Brioche Dough
340g (1 1/2 cups) Lukewarm water (100˚f / 37˚c)
10g (1 Tbsp) granulated yeast
17g (1 Tbsp) kosher salt
340g (6 large eggs) eggs, lightly beaten
170g (1/2 cup) honey
340g (1 1/2 cups, 3 sticks) unsalted butter, melted, plus extra for greasing the pan
990g (7 cups) all-purpose flour

Egg wash: 1 egg beaten with 1 Tbsp water, for brushing.

Filling
45g (3 Tbsp) melted butter, cooled slightly
75g (1/4 cup plus 2 Tbsp) dark brown sugar
75g (1/4 cup plus 2 Tbsp) granulated sugar
pinch salt
2 1/4 tsp cinnamon

Cream Cheese Icing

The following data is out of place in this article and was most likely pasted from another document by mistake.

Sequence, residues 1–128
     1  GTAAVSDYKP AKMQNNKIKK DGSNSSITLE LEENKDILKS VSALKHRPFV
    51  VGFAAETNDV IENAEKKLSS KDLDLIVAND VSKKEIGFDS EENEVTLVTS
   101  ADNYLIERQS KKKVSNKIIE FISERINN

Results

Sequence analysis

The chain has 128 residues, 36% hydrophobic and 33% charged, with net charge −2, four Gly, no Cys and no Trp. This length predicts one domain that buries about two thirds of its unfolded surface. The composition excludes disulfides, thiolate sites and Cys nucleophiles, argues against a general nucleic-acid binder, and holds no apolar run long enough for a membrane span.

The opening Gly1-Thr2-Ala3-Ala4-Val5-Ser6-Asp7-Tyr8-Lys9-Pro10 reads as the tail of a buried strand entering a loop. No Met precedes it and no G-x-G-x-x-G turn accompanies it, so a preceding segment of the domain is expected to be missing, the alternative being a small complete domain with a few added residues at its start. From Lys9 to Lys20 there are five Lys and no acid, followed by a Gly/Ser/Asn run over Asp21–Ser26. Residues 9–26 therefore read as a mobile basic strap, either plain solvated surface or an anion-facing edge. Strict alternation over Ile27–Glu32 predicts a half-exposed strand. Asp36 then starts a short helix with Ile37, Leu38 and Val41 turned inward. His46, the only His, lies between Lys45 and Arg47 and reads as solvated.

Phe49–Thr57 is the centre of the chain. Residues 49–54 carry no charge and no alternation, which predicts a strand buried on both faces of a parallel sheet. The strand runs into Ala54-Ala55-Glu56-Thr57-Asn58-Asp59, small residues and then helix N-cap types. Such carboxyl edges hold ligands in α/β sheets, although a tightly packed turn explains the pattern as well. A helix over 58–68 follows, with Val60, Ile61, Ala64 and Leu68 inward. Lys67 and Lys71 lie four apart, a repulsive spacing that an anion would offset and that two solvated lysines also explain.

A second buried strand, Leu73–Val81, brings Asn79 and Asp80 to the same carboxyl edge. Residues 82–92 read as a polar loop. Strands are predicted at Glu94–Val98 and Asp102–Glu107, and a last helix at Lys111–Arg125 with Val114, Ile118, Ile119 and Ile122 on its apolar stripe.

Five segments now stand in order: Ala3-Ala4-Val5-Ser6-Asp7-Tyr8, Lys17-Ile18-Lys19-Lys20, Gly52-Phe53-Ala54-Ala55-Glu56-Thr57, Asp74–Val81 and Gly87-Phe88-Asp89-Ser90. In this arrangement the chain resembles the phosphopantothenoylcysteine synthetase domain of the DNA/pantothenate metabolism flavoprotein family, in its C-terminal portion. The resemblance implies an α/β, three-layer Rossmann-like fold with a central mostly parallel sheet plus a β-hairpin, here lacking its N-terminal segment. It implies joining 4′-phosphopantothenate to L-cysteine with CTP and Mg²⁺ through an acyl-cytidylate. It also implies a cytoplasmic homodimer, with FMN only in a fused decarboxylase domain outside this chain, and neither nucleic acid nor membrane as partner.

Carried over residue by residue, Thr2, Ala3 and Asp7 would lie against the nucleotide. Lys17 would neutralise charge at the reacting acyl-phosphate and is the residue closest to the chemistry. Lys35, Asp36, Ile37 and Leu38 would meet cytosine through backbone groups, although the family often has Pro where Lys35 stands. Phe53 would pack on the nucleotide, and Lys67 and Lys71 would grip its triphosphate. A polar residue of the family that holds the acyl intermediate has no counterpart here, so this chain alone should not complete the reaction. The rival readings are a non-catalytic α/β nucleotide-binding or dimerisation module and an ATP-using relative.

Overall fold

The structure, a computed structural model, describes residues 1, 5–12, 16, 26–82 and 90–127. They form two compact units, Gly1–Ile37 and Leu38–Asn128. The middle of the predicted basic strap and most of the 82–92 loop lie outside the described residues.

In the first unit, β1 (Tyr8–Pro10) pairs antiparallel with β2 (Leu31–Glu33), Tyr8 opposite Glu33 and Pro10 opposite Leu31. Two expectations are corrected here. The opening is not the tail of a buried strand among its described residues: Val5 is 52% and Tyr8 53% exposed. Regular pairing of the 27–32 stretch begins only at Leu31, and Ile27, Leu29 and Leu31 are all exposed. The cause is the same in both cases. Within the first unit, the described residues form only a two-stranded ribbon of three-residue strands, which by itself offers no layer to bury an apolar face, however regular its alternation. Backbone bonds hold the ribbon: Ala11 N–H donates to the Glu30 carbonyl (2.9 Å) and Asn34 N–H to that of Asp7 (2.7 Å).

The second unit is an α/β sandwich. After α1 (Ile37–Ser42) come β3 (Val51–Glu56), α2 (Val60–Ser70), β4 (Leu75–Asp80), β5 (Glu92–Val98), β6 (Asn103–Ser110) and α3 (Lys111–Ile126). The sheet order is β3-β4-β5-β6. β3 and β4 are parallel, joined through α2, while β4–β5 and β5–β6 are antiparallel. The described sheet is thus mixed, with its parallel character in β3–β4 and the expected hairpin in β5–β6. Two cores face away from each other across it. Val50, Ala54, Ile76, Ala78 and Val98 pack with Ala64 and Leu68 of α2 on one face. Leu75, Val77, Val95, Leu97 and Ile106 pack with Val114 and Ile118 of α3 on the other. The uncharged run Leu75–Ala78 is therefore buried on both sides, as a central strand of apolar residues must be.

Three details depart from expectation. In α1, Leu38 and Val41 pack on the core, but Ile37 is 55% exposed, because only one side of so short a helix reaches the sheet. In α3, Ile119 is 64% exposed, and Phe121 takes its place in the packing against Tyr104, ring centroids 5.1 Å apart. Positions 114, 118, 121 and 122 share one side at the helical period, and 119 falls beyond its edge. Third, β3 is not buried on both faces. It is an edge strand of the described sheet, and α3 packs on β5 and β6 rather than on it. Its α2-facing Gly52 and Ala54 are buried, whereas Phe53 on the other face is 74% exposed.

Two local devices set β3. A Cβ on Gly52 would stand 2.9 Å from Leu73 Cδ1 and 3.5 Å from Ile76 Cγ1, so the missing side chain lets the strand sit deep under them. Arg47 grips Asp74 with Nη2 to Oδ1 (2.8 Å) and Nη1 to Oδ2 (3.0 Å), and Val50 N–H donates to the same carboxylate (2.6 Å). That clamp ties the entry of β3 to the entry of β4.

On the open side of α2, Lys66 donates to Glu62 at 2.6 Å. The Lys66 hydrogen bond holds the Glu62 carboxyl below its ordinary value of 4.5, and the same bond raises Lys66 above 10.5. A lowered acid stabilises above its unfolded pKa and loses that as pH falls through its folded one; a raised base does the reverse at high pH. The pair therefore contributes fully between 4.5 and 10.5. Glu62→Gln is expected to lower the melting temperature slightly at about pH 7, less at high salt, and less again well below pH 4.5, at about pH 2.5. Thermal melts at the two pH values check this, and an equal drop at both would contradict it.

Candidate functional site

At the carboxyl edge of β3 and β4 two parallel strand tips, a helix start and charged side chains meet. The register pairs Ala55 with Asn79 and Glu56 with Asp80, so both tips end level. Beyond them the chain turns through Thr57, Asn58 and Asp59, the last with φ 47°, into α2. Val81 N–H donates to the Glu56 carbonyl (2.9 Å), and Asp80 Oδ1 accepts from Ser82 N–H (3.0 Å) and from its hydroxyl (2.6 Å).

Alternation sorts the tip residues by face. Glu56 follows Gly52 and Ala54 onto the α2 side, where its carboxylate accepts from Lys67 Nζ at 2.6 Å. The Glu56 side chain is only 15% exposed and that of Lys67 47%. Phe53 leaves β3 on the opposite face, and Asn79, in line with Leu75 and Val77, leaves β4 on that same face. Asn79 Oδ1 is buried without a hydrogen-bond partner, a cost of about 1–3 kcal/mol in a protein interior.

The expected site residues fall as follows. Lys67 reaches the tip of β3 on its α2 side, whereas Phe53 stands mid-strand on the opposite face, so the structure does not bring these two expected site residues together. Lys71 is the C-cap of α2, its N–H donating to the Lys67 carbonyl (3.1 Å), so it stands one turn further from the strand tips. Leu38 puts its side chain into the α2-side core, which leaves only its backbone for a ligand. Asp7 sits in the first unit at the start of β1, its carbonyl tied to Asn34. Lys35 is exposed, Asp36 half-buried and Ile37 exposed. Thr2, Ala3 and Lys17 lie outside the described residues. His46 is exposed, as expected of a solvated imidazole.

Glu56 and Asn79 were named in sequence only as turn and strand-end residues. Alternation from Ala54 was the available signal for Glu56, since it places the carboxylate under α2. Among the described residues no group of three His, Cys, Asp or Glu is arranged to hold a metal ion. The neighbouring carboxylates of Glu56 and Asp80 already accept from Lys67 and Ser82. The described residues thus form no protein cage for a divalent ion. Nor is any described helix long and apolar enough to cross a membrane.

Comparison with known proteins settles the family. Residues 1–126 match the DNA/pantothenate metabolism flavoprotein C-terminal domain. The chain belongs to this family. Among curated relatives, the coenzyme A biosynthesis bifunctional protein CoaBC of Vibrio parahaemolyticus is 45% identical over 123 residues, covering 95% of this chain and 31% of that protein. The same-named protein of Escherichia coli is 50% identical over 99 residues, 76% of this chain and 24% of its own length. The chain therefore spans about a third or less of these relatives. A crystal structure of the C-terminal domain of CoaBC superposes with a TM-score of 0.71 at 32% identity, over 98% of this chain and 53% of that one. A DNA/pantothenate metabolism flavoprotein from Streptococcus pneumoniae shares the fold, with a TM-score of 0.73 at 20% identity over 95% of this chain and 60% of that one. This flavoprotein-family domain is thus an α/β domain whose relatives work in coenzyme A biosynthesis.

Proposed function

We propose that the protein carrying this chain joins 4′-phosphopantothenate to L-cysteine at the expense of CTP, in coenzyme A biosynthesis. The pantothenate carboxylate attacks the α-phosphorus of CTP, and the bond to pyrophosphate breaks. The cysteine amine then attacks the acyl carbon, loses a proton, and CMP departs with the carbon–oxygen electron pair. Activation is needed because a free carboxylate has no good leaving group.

225g (8 oz) cream cheese, at room temperature
50g (6 Tbsp) powdered sugar
60ml (1/4 cup) heavy cream
1 tsp vanilla bean paste

- PROCESS -

BREAD DOUGH

Mix the water, yeast, salt, eggs, honey, and melted butter in a 6-quart bowl or a lidded (not airtight) food container

Mix in the flour without kneading, using a Danish dough whisk, a spoon, or a heavy-duty stand mixer (with paddle). If you’re not using a machine, you may need to use wet hands to incorporate the last bit of flour. The dough will be loose but will firm up when chilled; don’t try to work with it before chilling.

Cover (not airtight), allow to rest at room temperature for 2 hours, and then refrigerate.

The dough can be used as soon as it’s thoroughly chilled, at least 3 hours. Refrigerate the container and use over the next 5 days.

 

FILLING AND ASSEMBLY